Dear brothers and sisters, when troubles of any kind come your way, consider it an opportunity for great joy. For you know that when your faith is tested, your endurance has a chance to grow. So let it grow, for when your endurance is fully developed, you will be perfect and complete, needing nothing.

James 2:2

As much as I don’t want to admit it, I lack in a lot of things in life. I really do. My pride always needs a check mate sometimes from the Lord, and I welcome it with open arms…even when it hurts. I lack patience with people who talk too much. I lack patience with special needs people (that sounds horrible for a pastor to admit I know). Though I am a very intuitive person, I still lack the ability to see around blind spots in my life, and I need men around me to point them out. I sometimes lack “looking to the interest of others” as Philippians 2 says. And most importantly, I sometimes lack faith! I always want to get better at having faith! However I can’t do that alone! The truth is, my lack of faith needs testing. And so does yours!

Growing up, pop quizzes were the worst! You never knew when they were coming! However, the teacher would always give you a schedule of when each test was so you could be prepared for when it comes. I put emphasis on when because the book of James is clear when it comes to our own spiritual testing. James says “when troubles of any kind come your way…” Trials are assumed in this text. So in all honesty, suffering should surprise no one. Not only should suffering not surprise us, but “any kind” of suffering shouldn’t surprise us. It is to test our faith. So what is it?

Any kind could mean…

  • You’re going through or have been through a divorce
  • Someone in your family or a close friend may have died
  • You just went through a broken relationships (romantic or friendship)
  • Persecution in another country for being a follower of Jesus
  • Maybe most recently your house just flooded
  • You struggle with anxiety and it’s a weight you are constantly fighting.
  • And Etc.

James also says to “consider it an opportunity for great joy. For you know that when your faith is tested, your endurance has a chance to grow. So let it grow, for when your endurance is fully developed, you will be perfect and complete needing (some translations say lacking) nothing.”

How in the world do we make trials an opportunity for great joy? In other words, how can we make the best it knowing we will go through it?

I want to give you three ways we can make the best of it. Mind you these aren’t three points to make your life better or three ways to get out of it easier. These are three ways on how you can go through it with the best in mind.

  1. Don’t Curse God: While crying out to the Father is essential during our times of pain and sorrow, the worst thing we can do is curse Him. When Job lost his family and all his cattle, he may have cursed the day he was born, but he coined one of the greatest phrases we all use until bad stuff happens to us, “God giveth, and God taketh away.” He never cursed God. Cursing God for what he allows is sin. While it is so hard not to ask God “why” it is far different than blaming God for what happens to us in life. WE believe that “all things work for the good of those who love him and are called according to His good purpose.” I believe that we sometime don’t know this better than when we are facing tough times in life. God is good, and He is not to be cursed.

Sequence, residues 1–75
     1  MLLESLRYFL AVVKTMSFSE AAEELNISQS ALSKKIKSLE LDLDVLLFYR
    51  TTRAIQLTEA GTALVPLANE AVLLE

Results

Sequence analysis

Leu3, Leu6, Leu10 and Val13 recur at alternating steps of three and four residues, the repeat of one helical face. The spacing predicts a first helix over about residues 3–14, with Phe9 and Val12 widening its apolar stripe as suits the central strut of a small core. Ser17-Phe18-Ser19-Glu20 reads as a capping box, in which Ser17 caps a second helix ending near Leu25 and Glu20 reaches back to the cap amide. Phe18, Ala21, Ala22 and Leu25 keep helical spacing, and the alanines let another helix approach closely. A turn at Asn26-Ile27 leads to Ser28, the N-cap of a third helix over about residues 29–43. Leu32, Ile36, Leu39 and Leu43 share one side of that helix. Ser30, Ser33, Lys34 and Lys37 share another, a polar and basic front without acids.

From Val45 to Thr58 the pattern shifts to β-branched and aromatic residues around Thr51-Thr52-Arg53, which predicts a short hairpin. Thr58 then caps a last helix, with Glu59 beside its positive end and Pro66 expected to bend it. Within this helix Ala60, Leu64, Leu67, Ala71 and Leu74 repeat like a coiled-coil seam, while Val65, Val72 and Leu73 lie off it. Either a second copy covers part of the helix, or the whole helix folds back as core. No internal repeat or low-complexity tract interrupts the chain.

1. Look to God’s promises not at your circumstances attack: James promotes a promise in this text for those who make the best of it: “When your faith is tested your endurance has a chance to grow…for when endurance is fully developed, you will be perfect (mature) and complete, needing nothing.” There’s a promise that God will make you better not bitter. However we must not look at what or who is attacking us, but to the Father who provides all good and perfect things for our good! God makes us stronger in our weakness. But our attitude must be to make the best of it for growth.


  1. Use your circumstance to be brought to the feet of Jesus: So let it grow…” James says. Sometimes we have to be brought low to experience Jesus like we have never experienced him before. God sometimes breaks us to make us. That is brilliant in theory, but we must let our trials of any kinds bring us to the feet of Jesus to experience this truth. We cast our cares on Jesus. We become more honest with Jesus. We allow Jesus to rule and reign in us instead of us as finite beings trying to make it better on our own. But we can’t do it alone. Let it grow by letting Him Work.

Jesus saves, Jesus sustains, Jesus serves, and Jesus sanctifies. He can help you make the best of it. Don’t curse him, love him. Don’t let your circumstance dictate his love for you, look to his loving promises. Don’t run away from Jesus, fall to his feet!